Grip width for bench press: What’s right?

When it comes to bench press, there are several technical things that tend to be holding most people back.  I’m going to touch on one that seems to be more common in women, but men make this mistake too.

Grip Width

Most people just assume that you can grab the barbell anywhere and be able to bench press. While this is true, a lot has to change depending on where you place your grip. Women tend to place their hands about shoulder width apart and men tend to grab the bar wide.   That in and of itself is not the problem. The problem lies in the relationship between the elbow and the wrist.  If the hands are in close and the elbows are out wide, you will lose strength.

NOTE: This is the same problem that I see with women doing pushups. Their hands are shoulder width apart, up by the forehead and the elbows go out to the side. This is typically because their triceps are weak, so the only thing left to do is to put all the stress on the shoulders. Bad for shoulders and not a strong position.



So, the question that is asked… what grip do I use?

As with a lot of training things, it will vary. You need to find where you are the strongest. This is typically based on your limb length and where you are strongest. If you don’t know the answer to these, start with this:  Put the tip of your thumb right at the gnurling line (where the grippy part meets the smooth).  Where your hands are placed is a good start. (Be sure to still wrap your thumbs around the bar.)

Closer grip and wider grip benches are still helpful in your training to build various parts of your bench press. If you always bench with the same grip (your “normal” grip), you will stall. Even changing up the grip by an inch will force you to get stronger in different positions. Remember, when it comes to maximal effort training, it’s not always about the weight used… it’s about straining and time under tension.


Stay tuned for more in this bench press series. If you have specific bench press issues you want addressed, leave a comment below!


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8 Responses to “Grip width for bench press: What’s right?”

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  1. Good post! I like going a smidge wider than recommended here, but that’ because I really want to work the pec with less tricep involvement. In fact, I’ve been trying something out, where on my last set of bench press reps, I like to drop the weight a bit, and put my hands as far out on the bar as possible, and do reps til failure. I compared this to just doing a last set of reps to failure with normal grip, but it seems that I feel it more in the outer pec on the extreme wide grip (which is what I’m wanting to do).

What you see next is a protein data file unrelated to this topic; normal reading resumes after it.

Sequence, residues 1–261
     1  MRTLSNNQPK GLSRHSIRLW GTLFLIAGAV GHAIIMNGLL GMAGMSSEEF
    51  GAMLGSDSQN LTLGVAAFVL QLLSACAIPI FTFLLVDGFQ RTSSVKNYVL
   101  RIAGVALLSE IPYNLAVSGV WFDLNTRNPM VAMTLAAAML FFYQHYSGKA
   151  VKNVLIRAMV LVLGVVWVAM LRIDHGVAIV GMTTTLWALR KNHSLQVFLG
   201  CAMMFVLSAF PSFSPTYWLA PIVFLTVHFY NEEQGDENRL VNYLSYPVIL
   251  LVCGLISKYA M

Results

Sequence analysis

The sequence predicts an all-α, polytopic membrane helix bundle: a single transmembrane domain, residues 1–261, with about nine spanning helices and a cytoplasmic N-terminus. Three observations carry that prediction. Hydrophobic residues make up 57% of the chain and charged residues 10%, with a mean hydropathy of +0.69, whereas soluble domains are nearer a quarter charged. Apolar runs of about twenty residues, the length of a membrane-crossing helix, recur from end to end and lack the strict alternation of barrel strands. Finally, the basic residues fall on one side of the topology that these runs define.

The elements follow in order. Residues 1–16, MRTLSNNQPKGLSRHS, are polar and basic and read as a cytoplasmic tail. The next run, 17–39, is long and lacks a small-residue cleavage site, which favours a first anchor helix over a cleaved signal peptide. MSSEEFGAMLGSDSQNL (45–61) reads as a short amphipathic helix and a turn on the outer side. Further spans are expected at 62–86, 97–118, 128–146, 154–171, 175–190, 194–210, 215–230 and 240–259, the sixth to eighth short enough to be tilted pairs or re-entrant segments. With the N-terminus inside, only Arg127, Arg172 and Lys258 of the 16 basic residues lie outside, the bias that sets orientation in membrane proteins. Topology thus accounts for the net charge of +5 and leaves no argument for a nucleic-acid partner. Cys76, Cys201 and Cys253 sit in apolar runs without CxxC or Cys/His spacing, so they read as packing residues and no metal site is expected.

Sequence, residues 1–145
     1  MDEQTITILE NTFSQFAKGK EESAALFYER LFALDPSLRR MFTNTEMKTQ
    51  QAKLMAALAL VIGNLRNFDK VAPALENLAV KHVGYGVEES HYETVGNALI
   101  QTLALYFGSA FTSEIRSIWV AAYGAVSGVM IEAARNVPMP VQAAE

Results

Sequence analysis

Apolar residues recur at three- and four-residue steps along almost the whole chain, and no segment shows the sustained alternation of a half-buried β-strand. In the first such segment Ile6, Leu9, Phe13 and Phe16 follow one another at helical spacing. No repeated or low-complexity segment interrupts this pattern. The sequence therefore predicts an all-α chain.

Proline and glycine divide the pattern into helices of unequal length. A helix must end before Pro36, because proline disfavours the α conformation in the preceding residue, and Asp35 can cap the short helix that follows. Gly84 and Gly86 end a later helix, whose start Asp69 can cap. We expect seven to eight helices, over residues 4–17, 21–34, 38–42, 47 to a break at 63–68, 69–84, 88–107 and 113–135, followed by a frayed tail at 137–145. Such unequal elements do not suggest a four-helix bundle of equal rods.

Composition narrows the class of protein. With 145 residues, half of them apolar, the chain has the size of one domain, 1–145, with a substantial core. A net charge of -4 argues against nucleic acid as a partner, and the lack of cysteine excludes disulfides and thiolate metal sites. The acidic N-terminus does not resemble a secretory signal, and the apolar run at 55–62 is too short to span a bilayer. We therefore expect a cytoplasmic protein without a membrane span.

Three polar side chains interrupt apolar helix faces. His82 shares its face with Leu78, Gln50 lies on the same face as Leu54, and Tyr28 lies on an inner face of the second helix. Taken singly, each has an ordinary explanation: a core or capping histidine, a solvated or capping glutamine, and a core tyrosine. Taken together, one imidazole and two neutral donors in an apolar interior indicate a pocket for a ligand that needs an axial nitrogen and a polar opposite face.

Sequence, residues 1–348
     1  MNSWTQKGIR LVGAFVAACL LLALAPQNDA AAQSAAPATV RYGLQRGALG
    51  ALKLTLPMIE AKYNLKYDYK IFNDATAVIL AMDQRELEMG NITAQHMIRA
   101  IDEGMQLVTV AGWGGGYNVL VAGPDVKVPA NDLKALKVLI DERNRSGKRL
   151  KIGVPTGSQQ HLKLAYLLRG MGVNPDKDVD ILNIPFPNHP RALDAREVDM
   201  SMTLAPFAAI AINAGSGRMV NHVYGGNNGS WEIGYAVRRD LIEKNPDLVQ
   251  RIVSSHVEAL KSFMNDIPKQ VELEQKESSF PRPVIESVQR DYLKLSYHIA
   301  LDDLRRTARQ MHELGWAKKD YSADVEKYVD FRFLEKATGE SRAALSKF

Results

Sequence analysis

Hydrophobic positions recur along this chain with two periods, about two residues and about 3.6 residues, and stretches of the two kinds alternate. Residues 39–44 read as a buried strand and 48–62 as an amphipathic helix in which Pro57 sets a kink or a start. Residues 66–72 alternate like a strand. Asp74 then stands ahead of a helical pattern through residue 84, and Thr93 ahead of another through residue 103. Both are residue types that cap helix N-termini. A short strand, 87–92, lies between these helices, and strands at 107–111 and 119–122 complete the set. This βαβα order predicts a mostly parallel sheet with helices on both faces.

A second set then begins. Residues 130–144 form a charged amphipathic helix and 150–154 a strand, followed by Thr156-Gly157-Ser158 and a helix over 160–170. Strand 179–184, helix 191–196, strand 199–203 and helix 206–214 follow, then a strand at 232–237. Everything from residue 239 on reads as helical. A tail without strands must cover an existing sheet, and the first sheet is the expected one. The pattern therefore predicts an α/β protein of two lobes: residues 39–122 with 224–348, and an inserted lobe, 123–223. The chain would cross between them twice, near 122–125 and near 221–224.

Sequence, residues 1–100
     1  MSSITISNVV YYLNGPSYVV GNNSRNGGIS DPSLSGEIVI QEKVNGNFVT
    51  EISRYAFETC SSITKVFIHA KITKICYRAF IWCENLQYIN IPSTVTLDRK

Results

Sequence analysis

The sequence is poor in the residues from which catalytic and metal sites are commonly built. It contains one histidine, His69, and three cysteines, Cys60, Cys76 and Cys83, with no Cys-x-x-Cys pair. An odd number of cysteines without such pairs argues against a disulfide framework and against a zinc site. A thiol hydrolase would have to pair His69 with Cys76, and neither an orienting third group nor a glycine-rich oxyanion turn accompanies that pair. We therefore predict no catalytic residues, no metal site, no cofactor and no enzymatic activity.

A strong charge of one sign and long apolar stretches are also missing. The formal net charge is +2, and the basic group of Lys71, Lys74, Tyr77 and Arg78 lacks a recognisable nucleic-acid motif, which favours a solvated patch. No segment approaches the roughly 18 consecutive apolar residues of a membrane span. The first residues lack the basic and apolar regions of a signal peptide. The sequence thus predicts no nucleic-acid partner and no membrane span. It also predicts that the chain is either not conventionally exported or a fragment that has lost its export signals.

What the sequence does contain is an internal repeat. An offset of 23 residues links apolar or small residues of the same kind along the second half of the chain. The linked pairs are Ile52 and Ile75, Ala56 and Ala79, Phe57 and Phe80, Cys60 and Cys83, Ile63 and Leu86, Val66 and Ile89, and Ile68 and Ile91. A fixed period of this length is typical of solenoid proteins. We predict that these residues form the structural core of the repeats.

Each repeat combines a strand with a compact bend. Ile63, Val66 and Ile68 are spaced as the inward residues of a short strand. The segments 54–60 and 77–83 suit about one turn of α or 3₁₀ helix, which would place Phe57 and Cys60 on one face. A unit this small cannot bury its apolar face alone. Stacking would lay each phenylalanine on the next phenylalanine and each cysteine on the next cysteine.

• Julia Ladewski says:

      Hey Chris! Yeah, it depends on what your goal is for the bench press. If it’s more bodybuilding, then “working the pecs” is what you want. If you’re looking for a big, strong bench, then it’s more than just a muscle group… you WANT those triceps involved!!!

  2. Melly Testa says:

    Could you please talk a bit more about women and push ups?

  3. Angeline Feliciano says:

    Hey Julia! What tips can you give on determining the arch for the bench? Also, how do you set up for the lift? Thank you!

    • Julia Ladewski says:

      this is going to be my next installment for the bench work. But arch depends on mobility/flexibility and where your strengths lie. will definitely get some video footage!!! 🙂

  4. Michelle says:

    Ahhh, the bench press. My worst lift:( I am so glad you are touching on this..I need all the help I can get! A woman with long arms (like me) defiantly should go wider. I used to grip about shoulder width apart like you mentioned most woman naturally do and did terrible at the bench. When I started to go wider it took a bit to get use to but it was worth it as my bench finally is going up. I also saw a video that suggested you should grip the same distance apart as your shoulder to shoulder length doubled. So if you were to measure you shoulder width times two….that is where you grip would be. Thanks Julie! I don’t have Facebook anymore btw. Hope training is going great!

    • Julia Ladewski says:

      Well, bummer you don’t have facebook!!! So please do keep in touch!!

      I don’t know if I would say that shoulder width doubled is a hard fast number, but it might be a good guideline for competition grip. I know I don’t do everything as wide as when I bench in a meet. Plus, a lot of other things to take into consideration and it depends on what part of the bench you’re trying to build and where your weaknesses are.

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